Two examples to consider:
Example 1 (provided by HMRC) – The client is resident outside the UK but has a UK office immediately before the beginning of the tax year in which the worker provided their services. The worker’s intermediary is resident in a country outside the UK. The agency and worker are both resident in the UK. The work is performed outside the UK. In this scenario, the worker is UK resident but performs the work outside the UK, so a UK tax liability will arise (unless an agreement gives taxing rights to another country exists). Although the client is based overseas, it has a UK office immediately before the beginning of the tax year during which the worker provided their services so has a UK connection through its permanent establishment. It is, therefore, within the scope of the off-payroll working rules.
The worker’s intermediary being based overseas does not affect the operation of the rules. The client should issue a status determination statement to the worker directly and to the UK agency it contracts with. By providing the status determination statement the client would have discharged its responsibilities under the legislation (subject to meeting the requirement to exercise reasonable care). The UK agency is a ‘qualifying person’ and will therefore be responsible for the deduction of tax and NICs, and the payment of the apprenticeship levy and paying these to HMRC if due.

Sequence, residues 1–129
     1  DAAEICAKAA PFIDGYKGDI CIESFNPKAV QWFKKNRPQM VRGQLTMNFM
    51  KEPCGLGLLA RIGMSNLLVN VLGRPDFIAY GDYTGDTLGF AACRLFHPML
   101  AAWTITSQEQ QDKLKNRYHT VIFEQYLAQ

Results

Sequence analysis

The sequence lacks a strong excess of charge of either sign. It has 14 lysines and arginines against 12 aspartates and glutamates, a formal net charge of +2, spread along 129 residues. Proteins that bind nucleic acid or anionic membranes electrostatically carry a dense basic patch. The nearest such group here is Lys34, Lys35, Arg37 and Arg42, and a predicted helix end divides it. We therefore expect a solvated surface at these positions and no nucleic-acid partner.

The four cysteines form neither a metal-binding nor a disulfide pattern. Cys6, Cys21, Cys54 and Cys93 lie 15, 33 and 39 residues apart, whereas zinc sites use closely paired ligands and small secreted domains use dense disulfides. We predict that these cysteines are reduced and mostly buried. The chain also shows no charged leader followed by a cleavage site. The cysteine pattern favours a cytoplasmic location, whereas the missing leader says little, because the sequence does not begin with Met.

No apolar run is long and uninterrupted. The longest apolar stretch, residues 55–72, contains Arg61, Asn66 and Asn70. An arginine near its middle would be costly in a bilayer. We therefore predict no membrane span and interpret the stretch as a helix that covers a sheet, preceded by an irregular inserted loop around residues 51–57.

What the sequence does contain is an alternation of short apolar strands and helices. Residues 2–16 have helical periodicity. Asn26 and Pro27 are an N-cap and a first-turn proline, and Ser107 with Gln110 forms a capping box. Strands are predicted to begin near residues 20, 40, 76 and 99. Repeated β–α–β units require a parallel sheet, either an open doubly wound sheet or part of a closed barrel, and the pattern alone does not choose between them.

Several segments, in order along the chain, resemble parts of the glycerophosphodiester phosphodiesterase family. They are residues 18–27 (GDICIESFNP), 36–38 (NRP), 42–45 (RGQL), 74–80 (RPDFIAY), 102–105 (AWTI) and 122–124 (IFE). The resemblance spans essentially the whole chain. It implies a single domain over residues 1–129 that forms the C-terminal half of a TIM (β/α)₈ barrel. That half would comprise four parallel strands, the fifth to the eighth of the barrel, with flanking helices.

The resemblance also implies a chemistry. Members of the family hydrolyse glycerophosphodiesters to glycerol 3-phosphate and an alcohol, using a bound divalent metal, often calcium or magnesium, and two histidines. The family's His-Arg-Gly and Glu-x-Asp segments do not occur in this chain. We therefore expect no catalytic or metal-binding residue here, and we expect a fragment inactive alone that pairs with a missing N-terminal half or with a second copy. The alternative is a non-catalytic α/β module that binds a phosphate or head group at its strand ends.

Example 2 (again, provided by HMRC) - The client is resident in a country outside of the UK operating an oil and gas platform outside of UK waters (beyond 12 nautical miles of the UK coastline) with no UK residency or permanent establishment. The contractor is UK resident. In this example the end client is not within scope of the off-payroll rules and is not required to produce an SDS or consider whether any tax should be deducted from the payment (they are outside the scope of Chapter 10). As the contractor is UK resident they need to consider their own IR35 position and tax payments using the old IR35 rules (Chapter 8).
Residency of recruitment agency
It is also important to consider the tax residency position of any recruitment agencies in the supply chain, typically referred to as the ‘fee-payer,’ as this will dictate who is responsible for operating UK PAYE on any inside IR35 assignments.
The fee-payer is usually the company which sits immediately above the contractor’s PSC in the supply chain. If, however, this company is not UK resident then it is exempt from its fee- payer duties, and the next company up the supply chain (which is UK resident) assumes this responsibility. This could mean that if a UK resident end-client contracts with an overseas agency that provides a UK resident contractor, it would be the end-client and not the agency who is responsible for deduction of any tax that may be due.
As can be seen, IR35 and its applicability when overseas entities are in the chain is a complex area, meaning advice should be taken in this respect.